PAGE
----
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It can happen to anyone: you slip and forget who you are talking to, and suddenly you’ve shared way too much information with the boss. Or the boss overhears you saying something that’s NSFW (not safe for work.) This article treats things you should never say to your boss.
Sometimes you find yourself revealing things that’s just TMI (too much information).
When you spend 40 hours a week with your coworkers, it’s easy to become a little too familiar and blurt out things that cross the line. It’s particularly dangerous when you are talking to your boss.
You may think it’s not a big deal. After all, they’re just words. However, what you say to your boss says a lot about you. It reveals pieces of your overall character, your attitude about your job, and your judgment.
When you speak without thinking first, you have the potential to do more harm to your career than you first realize, and it can be difficult to make up that lost ground with your employer. Don’t get me wrong, work is life and bosses should be human, it’s just that you do not need to share it all.
Here are a few things you should never say to the boss. They may all not be exact, but they are the kind of things you should avoid talking about.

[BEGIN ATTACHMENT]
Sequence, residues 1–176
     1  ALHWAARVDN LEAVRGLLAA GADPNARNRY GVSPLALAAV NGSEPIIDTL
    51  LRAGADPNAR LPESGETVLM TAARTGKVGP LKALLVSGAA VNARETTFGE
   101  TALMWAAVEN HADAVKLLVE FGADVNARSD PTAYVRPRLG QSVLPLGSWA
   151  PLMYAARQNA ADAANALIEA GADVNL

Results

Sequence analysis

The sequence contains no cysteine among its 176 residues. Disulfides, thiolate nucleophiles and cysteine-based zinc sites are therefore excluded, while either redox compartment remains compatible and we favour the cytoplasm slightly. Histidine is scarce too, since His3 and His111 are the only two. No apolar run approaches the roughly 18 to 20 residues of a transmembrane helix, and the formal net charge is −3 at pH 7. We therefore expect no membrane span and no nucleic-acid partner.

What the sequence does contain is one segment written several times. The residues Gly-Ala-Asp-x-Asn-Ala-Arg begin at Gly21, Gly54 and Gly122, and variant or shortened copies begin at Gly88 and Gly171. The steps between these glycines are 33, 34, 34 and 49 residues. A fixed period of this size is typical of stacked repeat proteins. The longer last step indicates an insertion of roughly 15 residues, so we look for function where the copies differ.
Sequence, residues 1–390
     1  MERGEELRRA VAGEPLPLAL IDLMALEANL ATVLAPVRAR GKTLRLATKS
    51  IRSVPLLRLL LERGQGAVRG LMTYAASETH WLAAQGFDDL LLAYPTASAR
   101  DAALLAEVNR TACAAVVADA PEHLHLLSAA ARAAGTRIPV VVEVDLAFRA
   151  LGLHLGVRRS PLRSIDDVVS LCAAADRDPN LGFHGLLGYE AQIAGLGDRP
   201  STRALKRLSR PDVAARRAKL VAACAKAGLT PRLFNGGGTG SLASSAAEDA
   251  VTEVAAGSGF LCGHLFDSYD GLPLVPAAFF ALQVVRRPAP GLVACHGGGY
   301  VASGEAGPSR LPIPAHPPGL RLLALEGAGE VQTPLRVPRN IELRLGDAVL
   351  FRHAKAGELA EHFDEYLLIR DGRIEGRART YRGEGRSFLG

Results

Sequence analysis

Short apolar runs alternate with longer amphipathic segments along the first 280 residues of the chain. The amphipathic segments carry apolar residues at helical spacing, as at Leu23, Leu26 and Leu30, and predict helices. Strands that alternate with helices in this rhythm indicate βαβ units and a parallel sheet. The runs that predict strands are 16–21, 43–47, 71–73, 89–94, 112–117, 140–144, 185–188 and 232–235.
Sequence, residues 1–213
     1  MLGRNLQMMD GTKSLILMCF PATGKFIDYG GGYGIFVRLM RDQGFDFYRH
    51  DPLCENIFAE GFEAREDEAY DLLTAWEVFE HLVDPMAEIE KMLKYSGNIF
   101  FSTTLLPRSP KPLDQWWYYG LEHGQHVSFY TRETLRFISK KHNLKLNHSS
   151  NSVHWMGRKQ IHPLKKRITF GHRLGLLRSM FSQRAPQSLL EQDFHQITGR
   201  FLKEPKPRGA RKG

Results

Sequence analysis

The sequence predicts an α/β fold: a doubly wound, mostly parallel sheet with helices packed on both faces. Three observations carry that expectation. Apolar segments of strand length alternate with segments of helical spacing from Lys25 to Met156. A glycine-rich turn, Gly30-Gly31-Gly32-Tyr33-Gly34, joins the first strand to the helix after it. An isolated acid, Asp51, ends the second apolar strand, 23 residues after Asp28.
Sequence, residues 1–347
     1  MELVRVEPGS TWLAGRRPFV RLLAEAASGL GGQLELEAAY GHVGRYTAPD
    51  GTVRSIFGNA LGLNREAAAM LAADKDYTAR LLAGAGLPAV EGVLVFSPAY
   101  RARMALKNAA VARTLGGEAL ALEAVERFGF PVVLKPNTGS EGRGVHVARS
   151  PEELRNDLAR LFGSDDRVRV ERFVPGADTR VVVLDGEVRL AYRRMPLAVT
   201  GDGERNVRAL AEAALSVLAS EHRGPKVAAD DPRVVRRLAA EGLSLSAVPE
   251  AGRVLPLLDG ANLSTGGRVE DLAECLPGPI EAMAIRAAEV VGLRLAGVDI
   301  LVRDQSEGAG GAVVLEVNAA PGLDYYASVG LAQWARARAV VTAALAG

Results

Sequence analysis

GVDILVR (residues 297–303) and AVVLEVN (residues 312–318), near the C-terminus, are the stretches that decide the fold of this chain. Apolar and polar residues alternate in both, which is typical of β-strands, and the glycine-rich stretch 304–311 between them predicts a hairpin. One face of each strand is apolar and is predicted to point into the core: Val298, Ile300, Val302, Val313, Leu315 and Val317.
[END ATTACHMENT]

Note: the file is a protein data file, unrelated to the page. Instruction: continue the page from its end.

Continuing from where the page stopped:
“I have the worst hangover”
Saying phrases like this throws open the doors on your personal life and may lead the boss to conclude several things that may or may not be true. It may reveal that you have poor judgment and therefore cannot be trusted. Or possibly that you have a lack of self-control. Be sure to maintain some boundaries between your work and personal life. Telling your boss all the nitty gritty details invites judgment on your character and your ability to do your job.
“Susan is to blame”
This one packs a punch, especially if you share something personal about Susan at the same time, like “She seems a bit unstable.” It smacks of running away from responsibility. There may be times when your survival instincts kick in and you want to protect yourself and your job. While no one wants to get blamed for something they didn’t do, letting someone else take the fall isn’t right either. “Susan (or whomever your colleague is) is to blame” sounds selfish and immature, and doesn’t help you advance your career. It’s a sign of maturity to share the blame.
“I hate that idea”
This is not intimate, but you are making a business decision personal, in a “me vs. the world” way. When you say this phrase, you may see yourself as protecting the company’s best interest. However, you can go too far in playing the devil’s advocate. This phrase suggests rigidity and a lack of imagination. You also shut down communication when you throw out this gem in conversation with your boss.
You might think that everyone says the wrong thing from time to time, but once those words leave your mouth there is no going back.
Learning to choose your words carefully is an art. Before you overshare or overstep your bounds, stop and think, “Is this a wise thing to be saying?” “Am I going to regret saying this to my employer?” Make sure your words don’t subtract from the great person that you are.
What other things should you never say to your boss?
Brian de Haaf